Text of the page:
steel horse odyssey

steel horse odyssey

around the world by motorcycle

more shit happens

PeruPosted by Jan Lamers 01 Dec, 2012 03:41:38
With new soldered carbon brushes and a charged battery we left for Puno. After 200 kilometers I noticed that my gps and light didn't work anymore. I pulled up next to the road and there we found out that the alternator had died. We had checked it yesterday and it was ok but now it had sadly passed away before its time. We were in the middle of nowhere and just as we were going to put on the spare rotor a Brazilian motorcycle expedition passed us. They were very friendly guys and they offered us a ride back to Arequipa. So my bike was put on their trailer and for the second time I made my way back to Arequipa with a broken down bike. In Arequipa I took my battery out to have it charged and put on my spare rotor. The next day as we were ready to leave again for Puno I tried to start my bike but it didn't run. The battery turned out to be very low. It had not overcome the battering it had taken the last couple of days. We asked a taxi driver to drop us off at a place where we could buy batteries. We were lucky to find a Yuasa battery of exactly the same measurements as my Hawker Odyssey PC 680. We mounted the new battery and believe it or not we actually made it to Puno that very same day.

colca canyon engine breakdown

PeruPosted by Jan Lamers 25 Nov, 2012 23:53:45

After a leisurely stay of nine days in Arequipa I left for Colca Canyon, one of the deepest gorges in the world. The night before we had a goodbye diner with our Austarlian friends Andy and Linda with whom we had a great time. The ride to Colca Canyon was a beautiful one. The first stretch was rather barren and I had to cross a 4800 meter high pass that took me on to a marshland plain. After the descent to Chivay I entered a lush and green valley with terraces and I rode into Colca Canyon. The scenery was stunning and I stopped at the Cruz del Condor view point to take some pics. When I wanted to move on to Cabanaconde my bike refused to start. There I was in the middle of absolutely nowhere with a dead bike. I checked the fuses and looked for loose contacts. I managed to push start the bike and I rode for a couple of miles with my light and gps switched off until I entered a tunnel. My light didn't work and I had to slow down so much that the engine stopped again. I didn't see a thing and I had to push my 300 kilo bike out of the tunnel touching the wall to feel where I was going. A truck driver helped me ride through the tunnel by driving behind me with high beam on. I managed to get my bike back to Chivay. There I took out the battery and had it charged in a work shop. I suspected something was wrong with the alternator or the diode board. The next day I had much trouble starting the bike but eventually it ran and I could ride it back to Arequipa. When Kevin and I checked the alternator we found out that the front carbon brush had worn to 25%. There was insufficient pressure to push it onto the slipring, hence the intermittent charging of my battery. We hopped in a taxi and managed to buy new brushes in a car parts supply store. "Rodolfo Diesel" was so kind to let us use his work shop so we could solder the new brushes onto the stator while one of his clients lectured us on the beauty of Arequipa women. Problem solved, time spent: 2,5 hours, cost: 2 dollar.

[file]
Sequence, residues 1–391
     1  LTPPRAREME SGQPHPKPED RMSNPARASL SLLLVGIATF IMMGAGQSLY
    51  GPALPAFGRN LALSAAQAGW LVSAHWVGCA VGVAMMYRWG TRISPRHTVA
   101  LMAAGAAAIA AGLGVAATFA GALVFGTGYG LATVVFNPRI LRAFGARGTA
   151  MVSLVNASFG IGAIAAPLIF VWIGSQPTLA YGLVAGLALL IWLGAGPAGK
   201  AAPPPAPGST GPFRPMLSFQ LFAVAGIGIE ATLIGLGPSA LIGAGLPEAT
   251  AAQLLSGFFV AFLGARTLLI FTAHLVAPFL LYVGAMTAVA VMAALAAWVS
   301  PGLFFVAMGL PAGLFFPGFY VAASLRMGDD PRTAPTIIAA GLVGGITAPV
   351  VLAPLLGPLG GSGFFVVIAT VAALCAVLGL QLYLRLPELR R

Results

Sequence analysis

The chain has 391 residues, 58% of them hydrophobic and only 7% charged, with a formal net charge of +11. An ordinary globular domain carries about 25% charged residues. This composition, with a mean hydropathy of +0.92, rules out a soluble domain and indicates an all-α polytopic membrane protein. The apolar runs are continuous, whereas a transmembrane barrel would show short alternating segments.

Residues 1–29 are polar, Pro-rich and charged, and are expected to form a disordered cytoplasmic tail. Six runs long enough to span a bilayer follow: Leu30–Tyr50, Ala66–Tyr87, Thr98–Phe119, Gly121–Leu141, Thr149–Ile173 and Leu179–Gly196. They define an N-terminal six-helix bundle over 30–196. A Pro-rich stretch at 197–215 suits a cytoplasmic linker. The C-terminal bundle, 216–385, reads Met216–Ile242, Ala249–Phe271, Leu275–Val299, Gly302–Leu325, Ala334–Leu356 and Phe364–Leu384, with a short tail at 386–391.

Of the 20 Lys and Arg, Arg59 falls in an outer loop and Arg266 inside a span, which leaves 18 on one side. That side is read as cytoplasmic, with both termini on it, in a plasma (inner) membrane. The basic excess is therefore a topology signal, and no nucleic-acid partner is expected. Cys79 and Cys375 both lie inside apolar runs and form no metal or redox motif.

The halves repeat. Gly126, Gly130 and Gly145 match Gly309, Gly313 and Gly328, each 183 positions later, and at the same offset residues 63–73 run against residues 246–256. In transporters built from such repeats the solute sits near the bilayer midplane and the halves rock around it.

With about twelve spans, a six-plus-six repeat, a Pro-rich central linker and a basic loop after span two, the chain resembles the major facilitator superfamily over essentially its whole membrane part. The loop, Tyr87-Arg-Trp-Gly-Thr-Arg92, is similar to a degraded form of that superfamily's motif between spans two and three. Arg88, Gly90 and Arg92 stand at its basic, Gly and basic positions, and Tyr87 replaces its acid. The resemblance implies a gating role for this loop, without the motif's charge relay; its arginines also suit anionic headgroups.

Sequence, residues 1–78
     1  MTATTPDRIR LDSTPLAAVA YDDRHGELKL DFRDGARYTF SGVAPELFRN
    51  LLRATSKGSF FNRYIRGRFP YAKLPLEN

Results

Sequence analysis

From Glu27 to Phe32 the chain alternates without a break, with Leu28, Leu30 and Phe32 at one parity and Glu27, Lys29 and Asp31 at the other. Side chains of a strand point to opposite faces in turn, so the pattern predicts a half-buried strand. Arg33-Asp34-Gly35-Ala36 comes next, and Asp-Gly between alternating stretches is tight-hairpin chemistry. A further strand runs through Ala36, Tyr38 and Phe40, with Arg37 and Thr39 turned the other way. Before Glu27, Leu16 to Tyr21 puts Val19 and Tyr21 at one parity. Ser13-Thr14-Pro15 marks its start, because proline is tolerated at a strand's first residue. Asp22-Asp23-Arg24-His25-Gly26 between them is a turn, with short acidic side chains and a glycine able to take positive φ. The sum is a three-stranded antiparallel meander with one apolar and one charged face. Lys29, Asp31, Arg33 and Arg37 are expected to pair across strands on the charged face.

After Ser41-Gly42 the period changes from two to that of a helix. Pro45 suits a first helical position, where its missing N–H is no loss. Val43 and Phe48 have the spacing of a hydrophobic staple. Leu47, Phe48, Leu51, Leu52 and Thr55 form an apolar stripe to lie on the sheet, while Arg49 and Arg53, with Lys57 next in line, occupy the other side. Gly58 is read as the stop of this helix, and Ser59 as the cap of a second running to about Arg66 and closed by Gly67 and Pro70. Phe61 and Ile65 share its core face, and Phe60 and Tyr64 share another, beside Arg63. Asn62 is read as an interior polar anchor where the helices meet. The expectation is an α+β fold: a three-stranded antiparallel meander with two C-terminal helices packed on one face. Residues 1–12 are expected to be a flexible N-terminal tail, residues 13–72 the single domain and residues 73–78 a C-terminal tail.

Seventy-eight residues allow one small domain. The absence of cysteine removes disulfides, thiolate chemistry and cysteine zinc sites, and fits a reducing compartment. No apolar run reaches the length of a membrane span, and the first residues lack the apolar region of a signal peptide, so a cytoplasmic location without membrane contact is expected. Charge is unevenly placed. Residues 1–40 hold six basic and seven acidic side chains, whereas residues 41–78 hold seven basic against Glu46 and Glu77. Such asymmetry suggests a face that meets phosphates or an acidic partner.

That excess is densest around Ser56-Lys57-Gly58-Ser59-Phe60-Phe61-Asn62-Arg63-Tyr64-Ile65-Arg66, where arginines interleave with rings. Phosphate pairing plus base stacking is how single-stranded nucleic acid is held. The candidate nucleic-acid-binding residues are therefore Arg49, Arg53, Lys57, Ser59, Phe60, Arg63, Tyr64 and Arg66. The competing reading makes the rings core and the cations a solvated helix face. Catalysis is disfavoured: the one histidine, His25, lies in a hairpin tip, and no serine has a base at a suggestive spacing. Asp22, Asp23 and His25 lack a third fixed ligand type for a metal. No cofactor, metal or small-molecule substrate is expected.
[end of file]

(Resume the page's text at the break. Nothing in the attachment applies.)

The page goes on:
the white city

PeruPosted by Jan Lamers 16 Nov, 2012 21:04:54
Today we arrived in the white city of Arequipa. White because many buildings are made out of white volcanic rock, called Sillar, that has been ejected by near by volcano Misti, like the cathedral on the central square and the Santa Catalina convent. Arequipa is a very elegant city with many well kept colonial style buidlings. It has a very nice Plaza de Armas, a central square surrounded by beautiful buildings and with a nice park. The climate is very pleasant, due to the altitude warm during the day and rather cool at night. We are going to kick back here for a couple of days.

back on track

PeruPosted by Jan Lamers 16 Nov, 2012 20:39:09